3. Plan Ahead by Creating a Calendar of Sequential CSR Correspondence: As you examine the CSR program rollout, consider the timing of communications to each stakeholder group. Through coordinated timing, you can create a synergistic effect of awareness and engagement. Establish a timeline for communication that may include daily, weekly and monthly activities to bolster conversation.
  4. Use Your Personal Voice and the Corporate Voice to Convey CSR: As a PR professional, you become a facilitator of dialogue. As a thought leader, you may convey sentiments for meaningful results. By extending beyond the corporate voice, the CSR program gains personality and may promote engagement.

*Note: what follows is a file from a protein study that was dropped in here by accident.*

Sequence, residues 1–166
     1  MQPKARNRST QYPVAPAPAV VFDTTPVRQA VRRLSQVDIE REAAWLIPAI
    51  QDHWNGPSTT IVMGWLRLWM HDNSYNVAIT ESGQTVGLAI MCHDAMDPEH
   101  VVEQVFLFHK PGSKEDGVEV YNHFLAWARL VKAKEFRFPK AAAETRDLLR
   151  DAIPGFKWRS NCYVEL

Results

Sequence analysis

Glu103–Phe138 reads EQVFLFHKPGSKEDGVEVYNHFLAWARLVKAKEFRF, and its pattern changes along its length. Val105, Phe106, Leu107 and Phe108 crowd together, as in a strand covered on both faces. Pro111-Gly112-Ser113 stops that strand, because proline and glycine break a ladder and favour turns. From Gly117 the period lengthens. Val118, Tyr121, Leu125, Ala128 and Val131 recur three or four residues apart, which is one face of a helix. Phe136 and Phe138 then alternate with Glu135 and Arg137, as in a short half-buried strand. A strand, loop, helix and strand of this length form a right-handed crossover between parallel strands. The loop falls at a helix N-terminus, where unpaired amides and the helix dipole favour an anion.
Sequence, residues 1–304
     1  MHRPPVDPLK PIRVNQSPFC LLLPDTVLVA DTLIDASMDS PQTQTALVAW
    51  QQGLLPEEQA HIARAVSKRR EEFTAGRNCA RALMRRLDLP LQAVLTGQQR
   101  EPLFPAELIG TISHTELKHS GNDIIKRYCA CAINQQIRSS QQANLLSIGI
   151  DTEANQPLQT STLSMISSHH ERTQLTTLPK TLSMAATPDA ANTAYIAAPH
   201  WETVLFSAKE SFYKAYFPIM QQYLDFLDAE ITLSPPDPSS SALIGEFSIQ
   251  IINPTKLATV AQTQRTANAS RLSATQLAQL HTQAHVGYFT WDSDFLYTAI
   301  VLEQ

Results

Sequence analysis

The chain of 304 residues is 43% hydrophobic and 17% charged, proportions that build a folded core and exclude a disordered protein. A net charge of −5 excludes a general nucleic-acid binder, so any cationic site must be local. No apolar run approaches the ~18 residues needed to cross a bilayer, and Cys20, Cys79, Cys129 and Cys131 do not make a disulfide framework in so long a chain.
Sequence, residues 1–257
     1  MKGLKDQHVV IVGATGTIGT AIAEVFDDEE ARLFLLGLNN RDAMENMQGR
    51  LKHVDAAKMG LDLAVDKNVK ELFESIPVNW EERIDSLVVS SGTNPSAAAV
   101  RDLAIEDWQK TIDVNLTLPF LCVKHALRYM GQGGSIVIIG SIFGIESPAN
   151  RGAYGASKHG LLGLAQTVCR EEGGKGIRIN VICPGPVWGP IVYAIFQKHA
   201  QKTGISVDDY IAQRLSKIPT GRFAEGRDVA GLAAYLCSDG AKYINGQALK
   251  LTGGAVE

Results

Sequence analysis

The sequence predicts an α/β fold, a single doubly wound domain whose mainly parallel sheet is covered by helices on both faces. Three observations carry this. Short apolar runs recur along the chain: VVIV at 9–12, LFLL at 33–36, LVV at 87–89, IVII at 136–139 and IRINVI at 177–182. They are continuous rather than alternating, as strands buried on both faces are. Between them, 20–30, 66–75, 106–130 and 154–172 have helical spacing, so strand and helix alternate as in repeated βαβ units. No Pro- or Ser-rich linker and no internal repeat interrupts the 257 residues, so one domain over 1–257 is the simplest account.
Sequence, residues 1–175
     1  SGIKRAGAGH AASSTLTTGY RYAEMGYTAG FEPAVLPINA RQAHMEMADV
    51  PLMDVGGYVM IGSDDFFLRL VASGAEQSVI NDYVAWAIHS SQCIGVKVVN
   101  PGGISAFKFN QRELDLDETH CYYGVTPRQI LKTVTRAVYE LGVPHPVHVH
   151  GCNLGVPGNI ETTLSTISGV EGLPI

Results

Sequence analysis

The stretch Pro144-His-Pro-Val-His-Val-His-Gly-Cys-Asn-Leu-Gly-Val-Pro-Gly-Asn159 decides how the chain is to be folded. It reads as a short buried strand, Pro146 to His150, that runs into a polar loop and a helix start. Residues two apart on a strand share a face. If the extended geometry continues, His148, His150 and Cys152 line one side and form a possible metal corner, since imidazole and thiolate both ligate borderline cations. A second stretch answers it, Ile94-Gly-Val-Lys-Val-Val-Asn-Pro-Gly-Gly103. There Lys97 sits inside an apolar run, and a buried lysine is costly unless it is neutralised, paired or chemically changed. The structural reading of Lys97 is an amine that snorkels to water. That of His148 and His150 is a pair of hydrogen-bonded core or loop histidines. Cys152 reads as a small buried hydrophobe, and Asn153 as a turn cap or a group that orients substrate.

5. Monitor the Contemporary Environment and Seize Opportunities: A CSR campaign occurs in a dynamic landscape. Find opportunities to connect with news, trends and strategic aspects of the company’s business to foster dialogue with all stakeholder groups.
  6. Leverage Technology Tools: Based on your social media audit conducted at the beginning of the program, you have gained insight about technology use for your stakeholders. While preferred social media channels may remain at the foundation of your communications program, purposefully integrate emerging technologies to advance dialogues.